In some cases, new drugs, called biological drugs, which act specifically on the cells that cause the disease, may also be indicated. Some of these medications are infliximab, etarnecept and adalimumab, known as Humira. See more about the indications for Humira.

In more advanced cases of nail psoriasis, the doctor may recommend corticosteroid injections, which are given after local anesthesia. In addition, the person with psoriasis should follow up with a rheumatologist to indicate the daily dose and duration of drug treatment.

4. Natural treatment

Some care can be performed at home to help treat nail psoriasis, such as keeping nails short and clean. To clean the nails, it is necessary to use neutral and antibacterial soaps, in addition to avoiding the use of hard sponges or brushes with thick bristles, as this can cause bleeding in the injured nails.

It is also recommended to use clippers instead of scissors, reducing the risk of hurting your nails more. In addition, it is necessary to keep the nails hydrated with suitable products indicated by the doctor, as this prevents nails with psoriasis from becoming ingrown. Learn other ways to treat psoriasis naturally:

5. Feed

To control the symptoms of nail psoriasis, avoid foods that increase inflammation, such as red meat, sausages and canned foods, such as sausage, sausage and bacon, and foods rich in peppers and artificial preservatives.

In addition, it is important to increase your intake of fruits, vegetables and products rich in omega 3, such as flaxseed, salmon, tuna, walnuts and chestnuts. See more about other foods that help treat psoriasis.

6. Alternative treatment

An alternative treatment for psoriasis is to bathe in aquariums with the bottler fish, also called the doctor fish, which feeds on the damaged skin of psoriasis, which stimulates the growth of a new layer of he althy skin..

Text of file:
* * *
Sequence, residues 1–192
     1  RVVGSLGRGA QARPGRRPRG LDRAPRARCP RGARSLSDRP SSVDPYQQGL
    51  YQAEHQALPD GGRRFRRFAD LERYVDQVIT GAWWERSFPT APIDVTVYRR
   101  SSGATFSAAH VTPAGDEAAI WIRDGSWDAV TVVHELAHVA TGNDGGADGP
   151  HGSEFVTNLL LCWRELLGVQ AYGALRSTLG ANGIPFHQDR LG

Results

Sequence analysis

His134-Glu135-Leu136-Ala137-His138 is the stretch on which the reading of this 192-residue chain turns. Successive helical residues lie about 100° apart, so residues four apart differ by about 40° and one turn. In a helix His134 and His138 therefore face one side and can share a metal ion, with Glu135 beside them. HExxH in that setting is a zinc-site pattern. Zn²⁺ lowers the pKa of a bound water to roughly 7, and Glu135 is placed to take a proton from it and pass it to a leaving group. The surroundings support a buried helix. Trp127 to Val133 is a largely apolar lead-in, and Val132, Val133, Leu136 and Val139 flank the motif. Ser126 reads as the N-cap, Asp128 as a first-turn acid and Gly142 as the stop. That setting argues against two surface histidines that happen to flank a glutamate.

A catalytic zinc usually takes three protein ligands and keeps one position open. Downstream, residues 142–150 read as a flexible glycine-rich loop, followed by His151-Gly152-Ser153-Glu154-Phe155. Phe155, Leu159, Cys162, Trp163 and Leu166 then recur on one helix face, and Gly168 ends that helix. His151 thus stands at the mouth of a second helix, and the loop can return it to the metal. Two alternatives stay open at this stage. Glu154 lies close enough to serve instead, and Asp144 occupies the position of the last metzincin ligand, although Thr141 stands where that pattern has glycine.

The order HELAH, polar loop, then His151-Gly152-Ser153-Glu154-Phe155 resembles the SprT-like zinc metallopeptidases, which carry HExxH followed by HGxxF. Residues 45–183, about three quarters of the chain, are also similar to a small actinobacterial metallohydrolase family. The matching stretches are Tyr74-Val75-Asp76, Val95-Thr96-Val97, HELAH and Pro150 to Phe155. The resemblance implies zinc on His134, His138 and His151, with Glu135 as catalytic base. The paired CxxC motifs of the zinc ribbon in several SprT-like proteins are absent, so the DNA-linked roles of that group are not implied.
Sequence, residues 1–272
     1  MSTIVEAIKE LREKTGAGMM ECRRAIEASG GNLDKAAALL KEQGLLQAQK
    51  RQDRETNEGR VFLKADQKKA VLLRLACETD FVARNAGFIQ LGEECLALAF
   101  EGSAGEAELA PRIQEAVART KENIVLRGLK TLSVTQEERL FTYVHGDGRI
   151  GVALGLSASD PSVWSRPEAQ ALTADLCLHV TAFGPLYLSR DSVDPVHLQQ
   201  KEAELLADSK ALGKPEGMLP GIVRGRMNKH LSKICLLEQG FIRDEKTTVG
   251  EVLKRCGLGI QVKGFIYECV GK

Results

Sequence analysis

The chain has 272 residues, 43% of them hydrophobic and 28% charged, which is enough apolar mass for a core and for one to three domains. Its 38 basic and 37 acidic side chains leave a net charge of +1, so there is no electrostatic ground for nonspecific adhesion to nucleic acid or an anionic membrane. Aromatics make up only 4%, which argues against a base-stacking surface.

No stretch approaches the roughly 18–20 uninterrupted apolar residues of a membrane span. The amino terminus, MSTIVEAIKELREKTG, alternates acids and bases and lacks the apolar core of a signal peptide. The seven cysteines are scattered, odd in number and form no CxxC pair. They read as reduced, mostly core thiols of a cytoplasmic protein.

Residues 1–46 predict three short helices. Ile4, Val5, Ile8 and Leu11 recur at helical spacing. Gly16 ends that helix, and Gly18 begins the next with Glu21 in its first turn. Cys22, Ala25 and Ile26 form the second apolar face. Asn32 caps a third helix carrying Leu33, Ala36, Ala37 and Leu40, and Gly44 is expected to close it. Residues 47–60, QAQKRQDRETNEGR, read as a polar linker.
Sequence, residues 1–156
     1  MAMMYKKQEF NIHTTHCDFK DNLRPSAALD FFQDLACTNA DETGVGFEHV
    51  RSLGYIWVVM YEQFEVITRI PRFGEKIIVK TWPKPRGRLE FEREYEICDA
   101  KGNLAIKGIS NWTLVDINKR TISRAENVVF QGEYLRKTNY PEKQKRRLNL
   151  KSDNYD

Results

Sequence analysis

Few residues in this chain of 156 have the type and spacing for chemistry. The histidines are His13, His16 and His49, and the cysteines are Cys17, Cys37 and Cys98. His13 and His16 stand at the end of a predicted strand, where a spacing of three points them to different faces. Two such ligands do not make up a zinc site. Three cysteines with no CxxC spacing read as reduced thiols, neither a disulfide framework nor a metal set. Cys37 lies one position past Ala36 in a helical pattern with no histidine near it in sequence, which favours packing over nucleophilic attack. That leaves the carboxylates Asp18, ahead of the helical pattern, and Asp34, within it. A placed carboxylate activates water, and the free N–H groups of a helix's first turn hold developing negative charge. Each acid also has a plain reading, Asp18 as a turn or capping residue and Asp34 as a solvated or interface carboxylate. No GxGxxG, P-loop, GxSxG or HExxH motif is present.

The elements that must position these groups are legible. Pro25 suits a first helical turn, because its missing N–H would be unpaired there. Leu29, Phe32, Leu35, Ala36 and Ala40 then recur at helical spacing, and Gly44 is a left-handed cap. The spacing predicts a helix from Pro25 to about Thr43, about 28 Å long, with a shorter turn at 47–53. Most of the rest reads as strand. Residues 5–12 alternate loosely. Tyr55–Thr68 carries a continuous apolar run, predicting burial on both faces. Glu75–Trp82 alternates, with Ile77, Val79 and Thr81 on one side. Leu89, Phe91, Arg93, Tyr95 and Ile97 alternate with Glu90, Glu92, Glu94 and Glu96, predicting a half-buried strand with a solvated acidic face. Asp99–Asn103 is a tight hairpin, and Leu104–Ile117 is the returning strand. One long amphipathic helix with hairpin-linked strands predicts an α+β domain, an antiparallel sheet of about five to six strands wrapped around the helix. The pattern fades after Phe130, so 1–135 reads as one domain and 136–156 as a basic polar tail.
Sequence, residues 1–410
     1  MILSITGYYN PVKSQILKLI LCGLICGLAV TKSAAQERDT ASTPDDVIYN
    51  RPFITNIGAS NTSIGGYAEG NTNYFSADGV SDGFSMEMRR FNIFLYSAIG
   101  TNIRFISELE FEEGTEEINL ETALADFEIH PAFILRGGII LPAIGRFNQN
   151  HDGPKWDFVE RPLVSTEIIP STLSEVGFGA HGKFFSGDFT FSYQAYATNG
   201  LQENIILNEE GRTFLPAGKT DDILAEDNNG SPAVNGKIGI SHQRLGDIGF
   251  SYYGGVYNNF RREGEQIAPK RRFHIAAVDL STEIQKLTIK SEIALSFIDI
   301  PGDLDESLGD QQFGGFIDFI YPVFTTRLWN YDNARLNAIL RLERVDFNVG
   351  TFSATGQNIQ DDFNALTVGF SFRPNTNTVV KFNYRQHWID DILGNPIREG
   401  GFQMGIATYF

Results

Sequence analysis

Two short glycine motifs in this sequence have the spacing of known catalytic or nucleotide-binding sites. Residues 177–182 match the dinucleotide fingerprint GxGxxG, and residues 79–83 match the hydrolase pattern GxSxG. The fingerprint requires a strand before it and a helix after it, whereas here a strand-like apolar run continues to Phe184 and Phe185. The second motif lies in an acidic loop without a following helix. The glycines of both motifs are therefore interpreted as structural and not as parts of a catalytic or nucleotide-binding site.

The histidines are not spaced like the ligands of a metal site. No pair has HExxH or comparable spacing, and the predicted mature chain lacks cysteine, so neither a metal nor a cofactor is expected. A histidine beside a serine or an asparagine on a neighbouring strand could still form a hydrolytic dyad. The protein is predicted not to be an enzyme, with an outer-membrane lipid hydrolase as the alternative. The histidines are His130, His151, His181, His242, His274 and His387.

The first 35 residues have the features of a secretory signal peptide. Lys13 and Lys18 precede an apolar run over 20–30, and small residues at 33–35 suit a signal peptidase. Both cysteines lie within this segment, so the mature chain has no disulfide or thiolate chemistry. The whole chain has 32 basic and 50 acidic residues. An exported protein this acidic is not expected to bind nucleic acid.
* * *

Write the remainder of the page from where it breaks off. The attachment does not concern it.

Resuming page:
This treatment is done in specialized clinics that breed this type of fish, and each session lasts about 30 minutes. The frequency and number of sessions depends on the severity of the disease, and can be done daily or once a week.

What to do to avoid aggravating wounds

To avoid aggravating the wounds, one should avoid the use of chemical products in the hands and of soaps, detergents, creams or perfumes that are not indicated by the doctor.An alternative is to wear thin cotton gloves during manual work, as rubber gloves can irritate the skin more, taking care that the gloves are clean and are only used for a short time.

In case of calluses or corners of nails, you should seek help from a dermatologist or podiatrist to properly treat and prevent the wounds from getting worse. It is recommended not to use false nails as the chemicals in the glue can further damage and irritate psoriasis nails. In addition, it is important not to remove the cuticles, as this can cause infections and worsen the lesions.